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(Yana Paskova/Getty)

Hillary stonewalled and has now outsourced her problem to attack-dog subordinates and Democratic stalwarts who, she believes, have Hillary—or no one—for 2016. I guess the message is “I’m lying, so what?”

Remember Richard Nixon’s vain attempt to keep Watergate tapes because he alone had determined that some were only private in nature and did not relate to government business or subpoenas—and the subsequent reaction to his “gaps.” That is Hillary Clinton’s absurd line of something like “secretary of state privilege,” and thus her press conference could only end in disaster. After all the obfuscation, the only thing that one can take away from this embarrassing performance is that Hillary Clinton envisioned her own personal server for just such contingencies: to trash a large percentage of her incoming and outgoing e-mails after becoming the sole arbitrator of what constituted her own, and her government’s, business, and thus the preserver or destroyer of all her communications.  

Some depressing details:

Hillary used a U.N. forum as a prop to address a private scandal, largely because she assumed the press pool might be a little different and she could suggest that the e-mail scandal was incidental rather than essential to her more important global messaging. But in typical Clinton fashion that gambit proved counter-productive: She inappropriately used the U.N. prop, and the reporters were not necessarily D.C. pets, as she learned when she abruptly cut off their questions.

Then she reviewed her feminist credentials, omitting her own role in gender-pay inequalities, the misogynist nature of the benefactors to her foundation, and, of course, her husband’s recent troubles in regard to feminist issues.

Then she accused Republican senators of either wishing to help the Iranians or to undermine their commander-in-chief. 

That was a warm-up to her defiant replies:

1) She confuses device and account: Many people have one device and two e-mail accounts. In the private sphere, one does not need two devices to have two different e-mail accounts. Teenagers can set up two in 30 seconds. If not, Hillary should make the case that one cannot do that with government accounts and that the problem affected her alone and not others of similar status. When her fable of the one phone/two phone dilemma is reviewed, her veracity will be again questioned, as it will when we learn she still probably used multiple phones like most D.C. grandees do.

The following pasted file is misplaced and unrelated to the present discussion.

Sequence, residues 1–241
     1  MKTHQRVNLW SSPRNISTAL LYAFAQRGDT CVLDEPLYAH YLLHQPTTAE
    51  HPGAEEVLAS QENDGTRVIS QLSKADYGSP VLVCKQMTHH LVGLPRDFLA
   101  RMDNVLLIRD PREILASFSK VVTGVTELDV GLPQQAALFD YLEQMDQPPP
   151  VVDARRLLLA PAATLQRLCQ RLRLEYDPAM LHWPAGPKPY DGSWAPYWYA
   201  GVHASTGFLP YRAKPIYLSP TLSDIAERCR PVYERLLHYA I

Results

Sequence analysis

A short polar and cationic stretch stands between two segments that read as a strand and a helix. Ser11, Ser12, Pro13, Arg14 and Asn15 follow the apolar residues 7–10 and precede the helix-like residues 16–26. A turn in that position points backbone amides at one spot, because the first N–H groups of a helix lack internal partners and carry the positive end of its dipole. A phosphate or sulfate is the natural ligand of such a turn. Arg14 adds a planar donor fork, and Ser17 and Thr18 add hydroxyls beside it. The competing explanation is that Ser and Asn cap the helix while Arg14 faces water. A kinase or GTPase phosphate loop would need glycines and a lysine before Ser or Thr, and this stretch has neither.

2) She seems to think that her dilemma was unique and no other high government official faced the same private/public quandary that required her special solution; if she were correct, then almost any other cabinet member would have had only a personal account with his own private server to conduct all government business. No one apparently has ever had a BlackBerry with a separate government and a private account without a private server.  

3) There will be no third-party adjudicator to determine which of her e-mails were private and which non-private, and those she determined were private are now apparently already destroyed. 

4) She confused, again deliberately, State Department rules. When Hillary refers to “my practice was” that is not the same as the law demands: She seems to think not turning over all her e-mails on her sole account when she left office was okay because the State Department and / or the government in theory could always spend thousands of hours to hunt down all the recipients of her supposedly purely government e-mails. Try that with the government, as for example not paying your taxes on April 15 on the theory that you can always pay when and if the government hunts you down and comes after you and fills out your 1099 for you. 

Her final message? It’s over; get over it; and the messages are destroyed even if you had wanted to have determined that I lied about the private/public divide. What are you going to do—hound the likely next president of the United States? 

What’s next? We are back to 1998–99 where the law does not apply to the Clintons; and if it did, it pales in importance to their progressive efforts on our behalf; and if you doubt it, there are plenty of hirelings who can make  life miserable for you right-wing conspiracists and disbelievers.

NRO contributor Victor Davis Hanson is the Martin and Illie Anderson Senior Fellow at the Hoover Institution and the author, most recently, of The Case for Trump.

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